- Clear your surfaces (desks, side tables etc.). Surfaces with minimal clutter encourage positive energy in the space.
Let there be light
Positive energy in the home is enhanced by the presence of natural light and fresh air. The great outdoors and a little vitamin D are vital ingredients for our health and well-being, and have a vast impact on the chi of your home. In a nutshell: good quality air and good quality light equals positive energy. Simple, right?
Generate air flow throughout the home by opening windows and back doors, and open curtains and blinds to ensure you are letting in the maximum amount of natural light. Air purifying house plants are also a great way to help produce some more O² in your home.
Make use of mirrors
Feng Shui and mirrors are a match made in chi heaven. While mirrors are popular Feng Shui items, if used incorrectly they can cause negative energy throughout the home.
- Mirrors should be used where they can dissipate light and movement in a space, which allows positive energy to bounce around the room.
- Mirrors in a dining room invites wealth and abundance as it appears to double the amount of food.
- Mirrors are great in the entryway of the home – but shouldn’t face the front door as it reflects good energy back outside.
- Don’t places mirrors facing the bed – you can startle yourself, and it can reduce your personal energy resulting in sleeplessness.
Colour me happy
Colours in Feng Shui are an expression of one of the five elements: fire, water, wood, earth and metal. Choosing colours to put in your home has a significant influence on how you feel – from happy, to passionate, to calm or content.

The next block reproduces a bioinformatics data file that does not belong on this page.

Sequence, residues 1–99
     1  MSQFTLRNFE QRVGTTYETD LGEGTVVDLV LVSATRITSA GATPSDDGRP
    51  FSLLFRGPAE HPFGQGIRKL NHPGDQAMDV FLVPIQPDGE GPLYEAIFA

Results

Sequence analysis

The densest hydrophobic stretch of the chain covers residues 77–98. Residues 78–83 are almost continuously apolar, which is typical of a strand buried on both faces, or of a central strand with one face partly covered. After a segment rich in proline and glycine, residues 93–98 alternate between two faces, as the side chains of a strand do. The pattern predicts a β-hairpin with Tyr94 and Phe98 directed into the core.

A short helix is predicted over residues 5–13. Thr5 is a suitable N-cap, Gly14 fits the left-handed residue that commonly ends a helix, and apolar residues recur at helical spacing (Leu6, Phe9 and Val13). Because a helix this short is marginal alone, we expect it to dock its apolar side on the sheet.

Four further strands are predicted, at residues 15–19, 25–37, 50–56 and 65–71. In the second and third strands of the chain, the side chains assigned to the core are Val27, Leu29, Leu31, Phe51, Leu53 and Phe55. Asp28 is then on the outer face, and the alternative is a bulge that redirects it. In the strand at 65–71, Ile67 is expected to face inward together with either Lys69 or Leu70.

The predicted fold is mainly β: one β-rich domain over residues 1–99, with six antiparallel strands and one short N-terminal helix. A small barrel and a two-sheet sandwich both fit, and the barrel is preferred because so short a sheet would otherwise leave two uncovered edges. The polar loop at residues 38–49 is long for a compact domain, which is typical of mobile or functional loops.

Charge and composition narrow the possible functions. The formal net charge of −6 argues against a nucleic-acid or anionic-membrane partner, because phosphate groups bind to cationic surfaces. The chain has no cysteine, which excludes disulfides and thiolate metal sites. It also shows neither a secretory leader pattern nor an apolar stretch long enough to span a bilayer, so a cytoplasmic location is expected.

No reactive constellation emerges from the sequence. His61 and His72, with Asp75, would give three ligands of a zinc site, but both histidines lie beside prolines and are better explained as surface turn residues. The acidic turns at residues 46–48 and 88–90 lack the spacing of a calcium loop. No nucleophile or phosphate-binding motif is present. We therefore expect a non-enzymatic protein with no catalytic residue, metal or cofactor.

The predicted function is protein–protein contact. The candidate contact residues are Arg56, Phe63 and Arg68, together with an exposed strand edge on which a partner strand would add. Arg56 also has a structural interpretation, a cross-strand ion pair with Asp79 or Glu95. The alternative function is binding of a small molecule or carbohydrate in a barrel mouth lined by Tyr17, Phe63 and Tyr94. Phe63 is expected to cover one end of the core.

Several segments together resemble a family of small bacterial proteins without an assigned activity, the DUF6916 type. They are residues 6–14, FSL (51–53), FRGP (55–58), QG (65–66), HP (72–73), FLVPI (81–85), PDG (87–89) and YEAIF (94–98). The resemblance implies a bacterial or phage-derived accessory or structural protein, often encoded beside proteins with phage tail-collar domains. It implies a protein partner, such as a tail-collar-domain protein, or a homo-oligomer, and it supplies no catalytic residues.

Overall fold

When selecting your colour schemes, it’s important to focus on the feelings you want to ignite. Do you want a warmer space that uses red – a representation of the fire element and the colour of romance and luck? Or use a neutral palette that relates to the metal element that symbolizes innocence and clarity? Choose colours that evoke happiness within you, and positive energy will follow.
Feng Shui tips when building a new home
Of course, many of the design principles that form the thinking behind Feng Shui are evident in many of our beautiful home designs and floor plans, such as the Vantage in Lyndhurst and Sovereign in Glen Waverley, VIC. If you take a walk through either of these stunning display homes, you will see that the moment you step inside the front door – the staircases aren’t visible.
Staircases should not be located in the centre of the home as that disrupts the flow of energy and, similarly, they should not be aligned with the main entrance. By doing so, any energy that comes into your home will head straight upstairs – and it is important that this energy is dispersed throughout the home freely.
As the heart of every residence – the kitchen plays an important role in Feng Shui energy, and can influence the health of the people living in the home. Island benches should be kept clean and unencumbered, and the kitchen sink shouldn’t be positioned within the island bench, as water that is located centrally can drain energy from the home.
Feng Shui also says that the kitchen sink (which represents the water element) should not be located beside the stove (representing the Feng Shui element of Fire) as Fire and Water do not mix well.
You want to use furniture to enhance the movement of energy in a room, and to invoke an energy that is rejuvenating and refreshing. Firstly, assess what the function of the living room is, and how it will be used – once you have singled out the primary purpose of the room, you will find it’s easier to choose furniture that is relevant to the space.
Couches should be placed ideally with a wall behind, or, if that’s not an option, you can use other furniture behind the couch to mirror the effect of a wall. When placing additional furniture, it should feel convenient and logical. If you need to go out of your way to walk around an item, chances are it is encouraging bad Feng Shui in the room.